Similar presentations:

# Trigonometry. Angles add to 180°

## 1. Trigonometry

Executed: Bissarinova A.20-Aug-17

## 2. Angles add to 180°

The angles of a triangle always add up to 180°20°

44°

68°

44°

68°

+ 68°

180°

68°

30°

120°

20°

30°

+ 130°

180°

## 3. Right triangles

We only care about right trianglesA right triangle is one in which one of the angles is 90°

Here’s a right triangle:

Here’s the angle

we are looking at

Here’s the

right angle

opposite

adjacent

We call the longest side the hypotenuse

We pick one of the other angles--not the right angle

We name the other two sides relative to that angle

## 4. Example.

Solve the equations:a) cos (x / 5) = 1

Decision: A) This time

we proceed directly to the

calculation of the roots of

the equation at once: x / 5

= ± arccos (1) + 2πk.

Then x / 5 = πk => x = 5πk

The answer is: x = 5πk,

where k is an integer.

b) tg (3x-π / 3) = √3

B) We write in the form:

3x-π / 3 = arctg (√3) +

πk. We know that: arctg

(√3) = π / 3 3x-π / 3 = π /

3 + πk => 3x = 2π / 3 +

πk => x = 2π / 9 + πk / 3

The answer is: x = 2π / 9

+ πk / 3, where k is an

integer.

## 5. The Pythagorean Theorem

If you square the length of thetwo shorter sides and add

them, you get the square of the

length of the hypotenuse

adj2 + opp2 = hyp2

32 + 42 = 52, or 9 + 16 = 25

hyp = sqrt(adj2 + opp2)

5 = sqrt(9 + 16)

## 6. 5-12-13

There are few triangles withinteger sides that satisfy the

Pythagorean formula

3-4-5 and its

multiples (6-8-10, etc.)

are the best known

5-12-13 and its multiples

form another set

25 + 144 = 169

opp

adj

## 7. Ratios

Since a triangle has threesides, there are six ways to

divide the lengths of the sides

Each of these six ratios has a

name (and an abbreviation)

Three ratios are most used:

sine = sin = opp / hyp

cosine = cos = adj / hyp

tangent = tan = opp / adj

The other three ratios are

redundant with these and can

be ignored

opposite

opposite

Ratios

adjacent

The ratios depend on the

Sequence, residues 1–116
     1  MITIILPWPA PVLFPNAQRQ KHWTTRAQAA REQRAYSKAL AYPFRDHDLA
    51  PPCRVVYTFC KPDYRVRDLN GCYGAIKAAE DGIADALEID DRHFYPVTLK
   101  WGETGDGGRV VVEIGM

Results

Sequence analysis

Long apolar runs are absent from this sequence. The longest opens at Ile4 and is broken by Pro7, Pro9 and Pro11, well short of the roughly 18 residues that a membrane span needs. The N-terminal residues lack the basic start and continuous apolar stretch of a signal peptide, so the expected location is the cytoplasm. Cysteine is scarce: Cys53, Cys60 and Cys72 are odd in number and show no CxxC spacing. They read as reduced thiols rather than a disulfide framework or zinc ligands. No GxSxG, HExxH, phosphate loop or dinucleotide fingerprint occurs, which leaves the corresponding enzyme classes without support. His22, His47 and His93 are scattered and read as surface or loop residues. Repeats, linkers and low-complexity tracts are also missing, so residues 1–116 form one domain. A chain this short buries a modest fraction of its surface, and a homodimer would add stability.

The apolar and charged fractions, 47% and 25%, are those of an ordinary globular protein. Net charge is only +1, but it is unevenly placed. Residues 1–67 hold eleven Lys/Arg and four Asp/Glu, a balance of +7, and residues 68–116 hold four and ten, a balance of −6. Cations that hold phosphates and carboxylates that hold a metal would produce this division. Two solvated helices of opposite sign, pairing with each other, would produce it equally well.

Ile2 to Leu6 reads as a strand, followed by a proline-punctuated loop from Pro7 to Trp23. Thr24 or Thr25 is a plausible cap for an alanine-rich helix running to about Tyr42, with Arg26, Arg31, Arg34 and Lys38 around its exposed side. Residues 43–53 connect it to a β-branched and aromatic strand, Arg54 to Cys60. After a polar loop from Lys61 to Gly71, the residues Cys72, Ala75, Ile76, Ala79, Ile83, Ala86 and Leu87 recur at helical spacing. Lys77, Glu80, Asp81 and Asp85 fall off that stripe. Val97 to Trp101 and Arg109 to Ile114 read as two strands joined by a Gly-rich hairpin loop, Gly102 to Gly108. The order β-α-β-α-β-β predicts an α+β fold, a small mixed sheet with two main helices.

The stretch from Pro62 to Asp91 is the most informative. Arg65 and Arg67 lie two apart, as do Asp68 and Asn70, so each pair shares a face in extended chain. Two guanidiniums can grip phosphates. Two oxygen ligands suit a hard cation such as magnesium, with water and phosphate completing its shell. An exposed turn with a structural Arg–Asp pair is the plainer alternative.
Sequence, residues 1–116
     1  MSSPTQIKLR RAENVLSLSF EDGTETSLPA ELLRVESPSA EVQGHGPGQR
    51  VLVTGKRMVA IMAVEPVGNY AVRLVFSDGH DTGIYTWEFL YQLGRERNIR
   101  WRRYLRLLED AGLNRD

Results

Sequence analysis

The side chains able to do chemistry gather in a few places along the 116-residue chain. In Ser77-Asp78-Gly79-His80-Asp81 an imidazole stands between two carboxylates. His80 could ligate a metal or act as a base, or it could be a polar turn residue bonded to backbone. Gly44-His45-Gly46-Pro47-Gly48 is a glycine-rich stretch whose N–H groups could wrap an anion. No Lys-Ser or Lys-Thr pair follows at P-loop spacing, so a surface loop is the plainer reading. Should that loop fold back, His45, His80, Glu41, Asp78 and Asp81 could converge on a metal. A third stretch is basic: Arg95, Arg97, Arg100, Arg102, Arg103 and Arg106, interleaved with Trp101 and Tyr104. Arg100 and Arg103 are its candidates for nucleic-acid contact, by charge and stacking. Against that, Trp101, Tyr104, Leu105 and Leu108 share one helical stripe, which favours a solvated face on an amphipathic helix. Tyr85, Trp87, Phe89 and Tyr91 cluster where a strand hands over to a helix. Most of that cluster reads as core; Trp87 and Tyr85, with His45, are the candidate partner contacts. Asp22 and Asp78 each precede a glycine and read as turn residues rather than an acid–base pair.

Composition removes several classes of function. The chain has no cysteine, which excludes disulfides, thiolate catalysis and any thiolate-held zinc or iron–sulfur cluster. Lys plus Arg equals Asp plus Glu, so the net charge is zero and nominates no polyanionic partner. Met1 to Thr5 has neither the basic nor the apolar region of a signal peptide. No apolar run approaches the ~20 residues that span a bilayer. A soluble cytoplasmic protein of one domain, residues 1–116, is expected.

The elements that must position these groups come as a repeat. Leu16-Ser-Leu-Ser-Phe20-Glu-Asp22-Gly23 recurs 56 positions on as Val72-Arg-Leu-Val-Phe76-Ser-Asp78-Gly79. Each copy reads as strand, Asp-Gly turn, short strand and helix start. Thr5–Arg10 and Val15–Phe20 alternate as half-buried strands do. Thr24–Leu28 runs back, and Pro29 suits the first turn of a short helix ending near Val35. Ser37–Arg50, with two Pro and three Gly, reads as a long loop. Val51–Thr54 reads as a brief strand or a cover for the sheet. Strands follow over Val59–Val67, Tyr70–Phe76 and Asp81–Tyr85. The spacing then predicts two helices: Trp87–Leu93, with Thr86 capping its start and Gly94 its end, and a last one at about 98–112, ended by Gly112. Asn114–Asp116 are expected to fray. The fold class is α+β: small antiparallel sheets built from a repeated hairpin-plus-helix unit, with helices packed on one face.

shape of the triangle (the

angles) but not on the size

adjacent

## 8. Example.

Solve the equations:cos (4x) = √2 / 2.

And find all the roots on the

interval [0; Π].

Decision: Let us solve our equation

in general form: 4x = ± arccos (√2 /

2) + 2πk 4x = ± π / 4 + 2πk;

X = ± π / 16 + πk / 2;

Now let's see what roots get into

our segment.

When k <0, the solution is also less

than zero, we do not fall into our

segment.

For k = 0, x = π / 16, we are in the

given interval [0; Π].

For k = 1, x = π / 16 + π / 2 = 9π / 16,

again we have got.

For k = 2, x = π / 16 + π = 17π / 16,

and here we are no longer there, and

therefore for large k we also will not

fall.

The answer is: x = π / 16, x = 9π / 16

## 9. Using the ratios

With these functions, if you know an angle (in addition to theright angle) and the length of a side, you can compute all other

angles and lengths of sides

opposite

adjacent

If you know the angle marked in red (call it A) and you know

the length of the adjacent side, then

tan A = opp / adj, so length of opposite side is given by

opp = adj * tan A

cos A = adj / hyp, so length of hypotenuse is given by

hyp = adj / cos A

## 10. Solve equations:

а) cos(x/5)=1The answer is: x = 5πk,

where k is an integer.

б)tg(3x- π/3)= √3

The answer is: x = 2π / 9

+ πk / 3, where k is an

integer.

## 11.

Decision: A) This time weproceed directly to the

calculation of the roots of the

equation at once:

x / 5 = ± arccos (1) + 2πk.

Then x / 5 = πk => x = 5πk

The answer is: x = 5πk,

where k is an integer.

B) We write in the form: 3x-π

/ 3 = arctg (√3) + πk.

We know that:

arctg (√3) = π / 3 3x-π / 3 = π

/ 3 + πk => 3x = 2π / 3 + πk

=> x = 2π / 9 + πk / 3

The answer is:

x = 2π / 9 + πk / 3, where k is

an integer

## 12. The hard part

If you understood this lecture, you’re in great shape fordoing all kinds of things with basic graphics

Here’s the part I’ve always found the hardest:

sin = opp / hyp

cos = adj / hyp

tan = opp / adj

adjacent

opposite

Memorizing the names of the ratios